Sitting a child down with a coloring book can often help calm and focus them — but did you know it could do the same for grown-ups?
For over a decade, researchers and art therapists alike have backed the calming benefits of coloring. The first commercially successful adult coloring books were published in 2012 and 2013, but only recently have adult coloring books become popular — a full-on trend, even.
Everyone from researchers at Johns Hopkins University to the editors of Yoga Journal suggest that coloring produces benefits similar to meditation. From stress reduction to a means of creative expression, the health benefits of coloring are staggering.
As a way to focus on the moment, adult coloring books can be a valuable tool, experts say. Just like meditation, coloring allows us to switch off our brains from other thoughts, helping to alleviate free-floating anxiety.
"Coloring definitely has therapeutic potential to reduce anxiety, create focus or bring [about] more mindfulness," says Marygrace Berberian, a certified art therapist and the Clinical Assistant Professor and Program Coordinator for the Graduate Art Therapy Program at NYU.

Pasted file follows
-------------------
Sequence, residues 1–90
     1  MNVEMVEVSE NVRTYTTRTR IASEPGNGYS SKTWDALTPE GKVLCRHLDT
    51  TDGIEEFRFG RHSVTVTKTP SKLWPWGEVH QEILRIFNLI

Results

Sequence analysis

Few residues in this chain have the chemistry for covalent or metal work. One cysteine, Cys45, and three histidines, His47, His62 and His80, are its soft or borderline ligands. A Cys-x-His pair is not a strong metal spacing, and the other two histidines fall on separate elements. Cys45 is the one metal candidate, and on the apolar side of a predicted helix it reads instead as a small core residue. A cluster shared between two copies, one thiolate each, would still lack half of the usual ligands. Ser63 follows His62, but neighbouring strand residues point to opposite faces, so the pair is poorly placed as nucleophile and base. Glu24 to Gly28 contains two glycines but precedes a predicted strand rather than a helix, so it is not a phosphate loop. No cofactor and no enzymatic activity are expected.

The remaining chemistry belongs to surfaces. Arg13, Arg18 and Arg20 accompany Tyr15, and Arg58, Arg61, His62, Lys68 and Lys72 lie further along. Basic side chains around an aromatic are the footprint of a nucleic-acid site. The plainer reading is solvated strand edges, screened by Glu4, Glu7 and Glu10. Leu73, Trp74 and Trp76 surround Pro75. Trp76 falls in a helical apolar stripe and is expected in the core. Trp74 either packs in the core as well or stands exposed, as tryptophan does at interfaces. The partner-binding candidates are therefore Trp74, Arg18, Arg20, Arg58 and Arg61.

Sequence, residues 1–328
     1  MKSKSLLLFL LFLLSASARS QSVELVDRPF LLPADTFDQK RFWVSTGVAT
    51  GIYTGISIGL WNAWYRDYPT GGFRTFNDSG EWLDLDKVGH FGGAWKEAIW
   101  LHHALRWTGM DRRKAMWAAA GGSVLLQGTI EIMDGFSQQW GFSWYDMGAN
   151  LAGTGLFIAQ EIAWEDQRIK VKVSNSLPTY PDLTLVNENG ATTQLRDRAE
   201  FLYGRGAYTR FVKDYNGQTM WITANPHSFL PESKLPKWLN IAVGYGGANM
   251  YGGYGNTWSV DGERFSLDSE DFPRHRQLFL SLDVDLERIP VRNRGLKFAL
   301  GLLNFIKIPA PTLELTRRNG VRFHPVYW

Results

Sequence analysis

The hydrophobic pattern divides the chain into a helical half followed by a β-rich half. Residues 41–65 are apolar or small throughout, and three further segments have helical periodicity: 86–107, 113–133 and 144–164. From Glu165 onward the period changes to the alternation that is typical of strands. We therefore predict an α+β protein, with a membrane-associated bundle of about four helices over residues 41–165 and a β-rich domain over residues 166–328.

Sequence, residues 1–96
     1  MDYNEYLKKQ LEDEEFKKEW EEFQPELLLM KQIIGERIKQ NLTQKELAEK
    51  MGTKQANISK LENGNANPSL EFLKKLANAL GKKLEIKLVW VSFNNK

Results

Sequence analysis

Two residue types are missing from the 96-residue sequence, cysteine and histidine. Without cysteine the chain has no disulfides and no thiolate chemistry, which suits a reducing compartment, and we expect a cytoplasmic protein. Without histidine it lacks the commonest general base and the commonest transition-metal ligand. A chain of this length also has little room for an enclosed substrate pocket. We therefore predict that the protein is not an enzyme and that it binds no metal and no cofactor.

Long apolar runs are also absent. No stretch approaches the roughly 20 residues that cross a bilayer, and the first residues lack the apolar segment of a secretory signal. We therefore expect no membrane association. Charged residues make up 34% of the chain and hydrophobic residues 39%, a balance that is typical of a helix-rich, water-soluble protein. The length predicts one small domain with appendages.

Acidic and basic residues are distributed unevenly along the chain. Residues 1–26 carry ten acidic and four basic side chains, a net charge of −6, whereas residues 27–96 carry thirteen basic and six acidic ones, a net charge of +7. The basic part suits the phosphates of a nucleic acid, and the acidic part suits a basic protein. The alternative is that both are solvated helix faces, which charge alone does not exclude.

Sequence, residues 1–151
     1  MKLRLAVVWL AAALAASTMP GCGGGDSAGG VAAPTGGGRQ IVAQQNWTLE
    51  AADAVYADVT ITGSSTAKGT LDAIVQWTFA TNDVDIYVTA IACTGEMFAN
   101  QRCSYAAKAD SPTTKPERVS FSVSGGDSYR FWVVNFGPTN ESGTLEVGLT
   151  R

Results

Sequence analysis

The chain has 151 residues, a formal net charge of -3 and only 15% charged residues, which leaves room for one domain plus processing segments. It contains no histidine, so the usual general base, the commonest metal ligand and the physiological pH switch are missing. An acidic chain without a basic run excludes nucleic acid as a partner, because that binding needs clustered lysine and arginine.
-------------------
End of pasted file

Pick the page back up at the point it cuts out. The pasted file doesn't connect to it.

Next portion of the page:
Groundbreaking research in 2005 showed that anxiety levels dropped when subjects colored mandalas, which are round frames with geometric patterns inside. Simply doodling, though, had no effect in reducing the other subjects' stress levels.
Safe creative outlet
For people who aren't comfortable with more creatively expressive forms of art, it can be particularly effective, according to Berberian.
A giant blank canvas may be a little intimidating to an anxiety-ridden overthinker. But an eight-by-ten piece of paper with guidelines? That's a little more manageable.
"My experience has been that those participants who are more guarded find a lot of tranquility in coloring an image. It feels safer and it creates containment around their process," Berberian told CNN.com
Similar to therapy
It's important to note that adult coloring books are not exactly the same as completing an art therapy session; people dealing with significant mental or emotional issues will find art therapy to be more effective.
"Coloring itself cannot be called art therapy because art therapy relies on the relationship between the client and the therapist," said Berberian. But people who are just looking for a way to relax may find these books to be just the ticket.
As Berberian puts it, "I truly believe that people should be engaging in activities that make them feel restored."
Coloring books for adults can be found at bookstores and craft stores, usually for around $10-$15 each. Amazon’s list of bestselling adult coloring books can be found here.